Chinese, U.S. senior officials hold virtual talks on trade issues11/10/2021 0
Chinese Vice Premier Liu He and U.S. Trade Representative Katherine Tai met virtually on Saturday morning to discuss trade issues between the two countries.
Liu is also a member of the Political Bureau of the Communist Party of China Central Committee and chief of the Chinese side of the China-U.S. comprehensive economic dialogue.
The conversation marked the second time that Liu and Tai have spoken with each other and it followed Tai's speech on Monday saying that she would seek frank talks with Chinese counterpart to discuss progress made under the phase one trade agreement.
The two sides agreed that Sino-U.S. economic and trade relations are of key importance to both countries and the world. They further agreed that they should strengthen bilateral economic and trade exchanges and cooperation, according to a release of Chinese Ministry of Commerce (link in Chinese).
They exchanged views on the implementation of the Sino-U.S. economic and trade agreement, according to the release. The two sides also expressed their own concerns and agreed to resolve each other's reasonable concerns through consultation.
China negotiated with the U.S. on the cancellation of tariffs and sanctions and clarified its position on China's economic development model and industrial policies, the release said.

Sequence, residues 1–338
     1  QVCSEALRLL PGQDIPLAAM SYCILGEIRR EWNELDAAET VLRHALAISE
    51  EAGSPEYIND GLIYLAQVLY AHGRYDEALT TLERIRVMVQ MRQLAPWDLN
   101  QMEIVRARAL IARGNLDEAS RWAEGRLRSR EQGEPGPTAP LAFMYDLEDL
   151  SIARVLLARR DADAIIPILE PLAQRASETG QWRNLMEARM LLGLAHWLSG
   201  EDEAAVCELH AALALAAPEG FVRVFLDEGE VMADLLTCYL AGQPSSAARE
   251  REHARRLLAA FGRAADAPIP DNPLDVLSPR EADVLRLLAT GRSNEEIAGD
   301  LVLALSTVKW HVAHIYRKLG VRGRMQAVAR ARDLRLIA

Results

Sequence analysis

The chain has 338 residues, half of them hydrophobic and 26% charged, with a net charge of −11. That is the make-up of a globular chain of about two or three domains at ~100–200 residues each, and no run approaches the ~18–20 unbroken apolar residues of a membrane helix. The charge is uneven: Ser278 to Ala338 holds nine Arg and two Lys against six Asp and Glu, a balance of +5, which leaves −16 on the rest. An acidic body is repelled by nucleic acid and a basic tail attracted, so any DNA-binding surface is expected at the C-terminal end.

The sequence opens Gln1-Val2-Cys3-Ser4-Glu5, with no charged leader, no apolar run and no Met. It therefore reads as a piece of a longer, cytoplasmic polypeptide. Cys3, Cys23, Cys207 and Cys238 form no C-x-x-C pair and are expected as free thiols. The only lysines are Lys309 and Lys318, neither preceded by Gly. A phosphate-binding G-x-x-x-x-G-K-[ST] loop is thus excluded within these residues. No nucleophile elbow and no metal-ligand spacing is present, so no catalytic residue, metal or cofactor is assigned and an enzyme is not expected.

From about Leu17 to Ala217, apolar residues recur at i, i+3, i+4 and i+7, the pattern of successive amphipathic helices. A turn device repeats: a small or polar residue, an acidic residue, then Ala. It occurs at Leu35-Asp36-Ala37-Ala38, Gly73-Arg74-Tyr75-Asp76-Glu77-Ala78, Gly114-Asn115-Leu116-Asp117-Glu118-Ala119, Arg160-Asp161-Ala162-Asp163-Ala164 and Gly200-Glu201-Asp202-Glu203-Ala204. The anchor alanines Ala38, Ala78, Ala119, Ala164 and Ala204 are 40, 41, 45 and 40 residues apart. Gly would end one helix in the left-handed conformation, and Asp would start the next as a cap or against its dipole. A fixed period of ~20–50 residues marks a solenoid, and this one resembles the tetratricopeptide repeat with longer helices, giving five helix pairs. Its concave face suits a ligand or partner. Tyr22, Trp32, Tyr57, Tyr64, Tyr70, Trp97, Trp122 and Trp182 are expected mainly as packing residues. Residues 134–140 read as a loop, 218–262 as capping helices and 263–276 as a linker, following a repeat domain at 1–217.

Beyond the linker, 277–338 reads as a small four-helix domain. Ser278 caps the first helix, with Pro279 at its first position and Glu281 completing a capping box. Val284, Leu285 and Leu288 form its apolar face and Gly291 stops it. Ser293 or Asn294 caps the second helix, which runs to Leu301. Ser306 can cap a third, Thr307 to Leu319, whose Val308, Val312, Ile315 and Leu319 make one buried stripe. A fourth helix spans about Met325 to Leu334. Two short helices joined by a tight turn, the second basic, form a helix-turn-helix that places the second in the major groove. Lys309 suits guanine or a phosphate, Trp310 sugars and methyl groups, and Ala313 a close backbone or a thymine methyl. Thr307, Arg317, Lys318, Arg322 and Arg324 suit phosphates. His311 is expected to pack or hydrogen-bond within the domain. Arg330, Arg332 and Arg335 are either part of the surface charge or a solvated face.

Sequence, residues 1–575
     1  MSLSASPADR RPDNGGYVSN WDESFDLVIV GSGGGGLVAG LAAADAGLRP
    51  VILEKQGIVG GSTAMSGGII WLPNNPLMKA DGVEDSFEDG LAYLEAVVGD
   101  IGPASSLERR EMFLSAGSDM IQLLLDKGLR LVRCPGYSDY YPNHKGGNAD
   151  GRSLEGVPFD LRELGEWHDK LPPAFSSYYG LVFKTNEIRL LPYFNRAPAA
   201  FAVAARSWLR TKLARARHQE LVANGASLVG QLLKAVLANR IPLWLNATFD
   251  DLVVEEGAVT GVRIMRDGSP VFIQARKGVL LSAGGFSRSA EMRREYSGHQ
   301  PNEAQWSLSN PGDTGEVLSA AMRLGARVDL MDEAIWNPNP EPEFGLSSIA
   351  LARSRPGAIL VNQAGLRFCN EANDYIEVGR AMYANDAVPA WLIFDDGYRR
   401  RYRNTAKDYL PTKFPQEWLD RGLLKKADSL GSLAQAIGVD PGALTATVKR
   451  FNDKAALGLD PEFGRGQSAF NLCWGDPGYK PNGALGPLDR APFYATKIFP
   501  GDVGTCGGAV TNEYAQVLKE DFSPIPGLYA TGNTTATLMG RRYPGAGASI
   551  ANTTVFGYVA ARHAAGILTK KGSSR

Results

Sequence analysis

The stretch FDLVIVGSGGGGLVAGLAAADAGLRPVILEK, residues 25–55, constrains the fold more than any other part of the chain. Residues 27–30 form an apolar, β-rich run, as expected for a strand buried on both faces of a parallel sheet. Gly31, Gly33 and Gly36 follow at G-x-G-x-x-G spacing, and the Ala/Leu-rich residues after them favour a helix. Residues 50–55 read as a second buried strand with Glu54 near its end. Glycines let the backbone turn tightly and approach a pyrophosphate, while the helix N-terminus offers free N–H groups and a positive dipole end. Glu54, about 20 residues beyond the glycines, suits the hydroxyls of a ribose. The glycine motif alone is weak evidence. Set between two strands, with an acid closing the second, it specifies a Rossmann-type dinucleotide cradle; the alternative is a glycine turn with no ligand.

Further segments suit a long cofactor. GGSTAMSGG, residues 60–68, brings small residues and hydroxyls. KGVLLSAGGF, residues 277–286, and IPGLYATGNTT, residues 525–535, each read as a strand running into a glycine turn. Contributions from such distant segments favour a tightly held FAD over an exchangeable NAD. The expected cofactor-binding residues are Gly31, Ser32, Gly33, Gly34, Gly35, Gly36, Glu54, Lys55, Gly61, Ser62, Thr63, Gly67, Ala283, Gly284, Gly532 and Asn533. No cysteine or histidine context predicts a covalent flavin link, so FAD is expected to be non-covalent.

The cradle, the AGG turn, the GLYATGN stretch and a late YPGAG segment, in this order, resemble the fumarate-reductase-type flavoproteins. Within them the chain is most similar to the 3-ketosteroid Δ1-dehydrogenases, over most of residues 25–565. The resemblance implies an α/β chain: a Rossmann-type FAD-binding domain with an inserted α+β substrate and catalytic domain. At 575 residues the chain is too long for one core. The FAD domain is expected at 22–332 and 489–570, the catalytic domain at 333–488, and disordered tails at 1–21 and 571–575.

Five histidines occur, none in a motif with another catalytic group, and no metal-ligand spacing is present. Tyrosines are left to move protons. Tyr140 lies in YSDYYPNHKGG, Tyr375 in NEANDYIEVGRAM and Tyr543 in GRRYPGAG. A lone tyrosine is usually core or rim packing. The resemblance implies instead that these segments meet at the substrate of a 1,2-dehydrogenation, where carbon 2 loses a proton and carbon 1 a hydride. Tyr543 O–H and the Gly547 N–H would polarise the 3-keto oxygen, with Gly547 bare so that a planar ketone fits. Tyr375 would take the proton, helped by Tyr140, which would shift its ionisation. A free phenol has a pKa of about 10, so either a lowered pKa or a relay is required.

They promised to continue talks based on equality and mutual respect, so as to create good conditions for the healthy development of economic and trade relations between the two countries as well as the recovery of the world economy.
China and the U.S. signed the phase one trade deal in January 2020 as a part of phased mitigation between the world's two largest economies' tariff battle since 2018.
According to the deal, China will purchase an additional $200 billion worth of U.S. goods and services, including $32 billion in U.S. farm products, during the two-year period from January 1, 2020, through December 31, 2021.
As of August, China's purchases of covered agricultural products reached 92 percent of the year-to-date target in the deal (data from the Chinese import statistics showed) or 89 percent using the U.S. export data, a tracker of think tank Peterson Institute for International Economies showed.